As a matter of due process, no one may be required at the peril of loss of liberty to speculate as to the meaning of penal statutes. United States v. Smith, 795 F.2d 841, 847 n. 4 (9th Cir. 1986) (citing Lanzetta v. New Jersey, 306 U.S. 451, 453, 59 S.Ct. 618, 619, 83 L.Ed. 888 (1939)). A statute may be void for vagueness if it fails to give adequate notice to people of ordinary intelligence concerning the conduct it proscribes. Schwartzmiller v. Gardner, 752 F.2d 1341, 1345 (9th Cir. 1984). The standards for permissible statutory vagueness are strict in the area of free expression. NAACP v. Button, 371 U.S. 415, 432, 83 S.Ct. 328, 337-38, 9 L.Ed.2d 405 (1963). A statute may be found to be unconstitutional if it prohibits privileged exercises of first amendment rights even if the defendant has not engaged in the privileged conduct. Id.
The legislation here specifically forbids certain action. No one "by force or threat of force" may injure, intimidate or interfere with anyone who is lawfully aiding or encouraging others in "occupying . . . any dwelling." 42 U.S.C. § 3631. Even if this language could be said to lack specificity, that alone should not render it void. See Cox, 379 U.S. at 568, 85 S.Ct. at 482-83; Christopher, 700 F.2d at 1259. "Words inevitably contain germs of uncertainty." Broadrick, 413 U.S. at 608, 93 S.Ct. at 2914. Imprecision in penal legislation should be tolerated if the language can be said nevertheless to give fair notice to those who might violate it. See Grayned v. City of Rockford, 408 U.S. 104, 112, 92 S.Ct. 2294, 2301, 33 L.Ed.2d 222 (1972). Moreover, legislation which proscribes the use of force or the threat of force should not be found to be void for vagueness. See United States v. Velasquez, 772 F.2d 1348, 1357 (7th Cir. 1985), cert. denied, ___ U.S. ___, 106 S.Ct. 1211, 89 L.Ed.2d 323 (1986). Such legislation does not prohibit threats generally and hence is not intended to exploit the natural ambiguity of such words as "threat" or "intimidate." See id. Section 3631 is not unconstitutionally vague.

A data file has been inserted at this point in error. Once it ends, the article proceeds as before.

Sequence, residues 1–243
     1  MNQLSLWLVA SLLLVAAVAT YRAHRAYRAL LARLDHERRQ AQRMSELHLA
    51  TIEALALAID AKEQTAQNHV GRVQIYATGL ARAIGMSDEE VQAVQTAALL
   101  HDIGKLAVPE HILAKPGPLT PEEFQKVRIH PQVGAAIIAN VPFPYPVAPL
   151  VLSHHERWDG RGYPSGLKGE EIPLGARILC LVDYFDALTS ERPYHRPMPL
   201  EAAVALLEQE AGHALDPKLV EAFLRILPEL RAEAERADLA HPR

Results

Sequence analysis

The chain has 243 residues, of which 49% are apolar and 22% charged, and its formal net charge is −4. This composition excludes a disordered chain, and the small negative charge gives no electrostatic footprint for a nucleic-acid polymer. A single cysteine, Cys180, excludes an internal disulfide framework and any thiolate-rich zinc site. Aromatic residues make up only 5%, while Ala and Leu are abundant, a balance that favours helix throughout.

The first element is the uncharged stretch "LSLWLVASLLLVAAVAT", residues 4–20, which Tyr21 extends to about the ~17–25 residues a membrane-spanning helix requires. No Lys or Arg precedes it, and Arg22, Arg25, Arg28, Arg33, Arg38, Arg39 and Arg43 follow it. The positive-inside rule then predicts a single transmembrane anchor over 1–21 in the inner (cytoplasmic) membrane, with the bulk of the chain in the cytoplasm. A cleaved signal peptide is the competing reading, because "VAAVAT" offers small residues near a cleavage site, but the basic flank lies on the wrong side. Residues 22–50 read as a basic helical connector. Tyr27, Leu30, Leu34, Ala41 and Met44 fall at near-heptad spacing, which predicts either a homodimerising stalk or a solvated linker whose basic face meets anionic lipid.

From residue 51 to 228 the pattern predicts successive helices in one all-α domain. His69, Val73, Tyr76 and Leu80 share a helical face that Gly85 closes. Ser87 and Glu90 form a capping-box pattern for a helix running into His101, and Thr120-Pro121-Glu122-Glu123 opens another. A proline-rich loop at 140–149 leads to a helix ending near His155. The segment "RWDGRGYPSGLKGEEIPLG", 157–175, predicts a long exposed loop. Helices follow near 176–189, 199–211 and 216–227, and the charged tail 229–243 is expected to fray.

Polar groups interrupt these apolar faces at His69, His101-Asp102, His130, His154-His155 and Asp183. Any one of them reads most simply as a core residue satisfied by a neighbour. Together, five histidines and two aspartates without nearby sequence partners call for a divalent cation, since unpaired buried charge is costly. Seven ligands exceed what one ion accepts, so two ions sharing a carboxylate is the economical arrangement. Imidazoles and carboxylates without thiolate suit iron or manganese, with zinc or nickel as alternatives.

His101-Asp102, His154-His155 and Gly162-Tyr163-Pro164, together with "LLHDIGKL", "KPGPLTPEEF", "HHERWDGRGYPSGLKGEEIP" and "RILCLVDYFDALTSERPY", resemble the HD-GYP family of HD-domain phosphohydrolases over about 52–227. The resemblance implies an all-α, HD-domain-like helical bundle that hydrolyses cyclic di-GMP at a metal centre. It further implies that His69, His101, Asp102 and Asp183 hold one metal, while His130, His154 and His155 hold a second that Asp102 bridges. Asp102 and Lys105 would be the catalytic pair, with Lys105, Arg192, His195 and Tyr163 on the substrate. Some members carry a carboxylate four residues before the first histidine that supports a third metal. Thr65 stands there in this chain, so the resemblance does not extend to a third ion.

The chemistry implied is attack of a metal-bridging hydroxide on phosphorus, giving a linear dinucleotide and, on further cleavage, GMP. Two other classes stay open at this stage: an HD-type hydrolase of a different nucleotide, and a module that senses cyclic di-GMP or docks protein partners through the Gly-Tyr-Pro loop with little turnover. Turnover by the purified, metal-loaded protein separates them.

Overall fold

Even a clear and concise law may be overbroad if it prohibits constitutionally protected activity. Christopher, 700 F.2d at 1259. Overbroad statutes "may have such a deterrent effect on free expression that they should be subject to challenge even by a party whose own conduct may be unprotected." City Council of Los Angeles v. Taxpayers for Vincent, 466 U.S. 789, 798, 104 S.Ct. 2118, 2125, 80 L.Ed.2d 772 (1984); ACORN v. City of Phoenix, 798 F.2d 1260, 1272 (9th Cir. 1986). If such a challenge is successful, the prosecution fails regardless of the nature of the defendant's own conduct. Coates v. Cincinnati, 402 U.S. 611, 616, 91 S.Ct. 1686, 1689, 29 L.Ed.2d 214 (1971); Wurtz v. Risley, 719 F.2d 1438, 1440 (9th Cir. 1983).